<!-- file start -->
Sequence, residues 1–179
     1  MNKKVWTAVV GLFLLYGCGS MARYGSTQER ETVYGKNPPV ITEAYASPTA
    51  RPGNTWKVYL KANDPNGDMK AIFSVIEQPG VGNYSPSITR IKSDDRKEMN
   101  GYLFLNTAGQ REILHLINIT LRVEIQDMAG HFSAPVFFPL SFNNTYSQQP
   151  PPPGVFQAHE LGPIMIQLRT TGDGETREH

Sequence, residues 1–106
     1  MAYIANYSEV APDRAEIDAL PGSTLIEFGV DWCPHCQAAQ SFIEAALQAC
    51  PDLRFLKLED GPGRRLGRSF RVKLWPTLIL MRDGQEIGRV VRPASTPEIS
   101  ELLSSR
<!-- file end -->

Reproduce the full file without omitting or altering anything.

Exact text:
Sequence, residues 1–179
     1  MNKKVWTAVV GLFLLYGCGS MARYGSTQER ETVYGKNPPV ITEAYASPTA
    51  RPGNTWKVYL KANDPNGDMK AIFSVIEQPG VGNYSPSITR IKSDDRKEMN
   101  GYLFLNTAGQ REILHLINIT LRVEIQDMAG HFSAPVFFPL SFNNTYSQQP
   151  PPPGVFQAHE LGPIMIQLRT TGDGETREH

Sequence, residues 1–106
     1  MAYIANYSEV APDRAEIDAL PGSTLIEFGV DWCPHCQAAQ SFIEAALQAC
    51  PDLRFLKLED GPGRRLGRSF RVKLWPTLIL MRDGQEIGRV VRPASTPEIS
   101  ELLSSR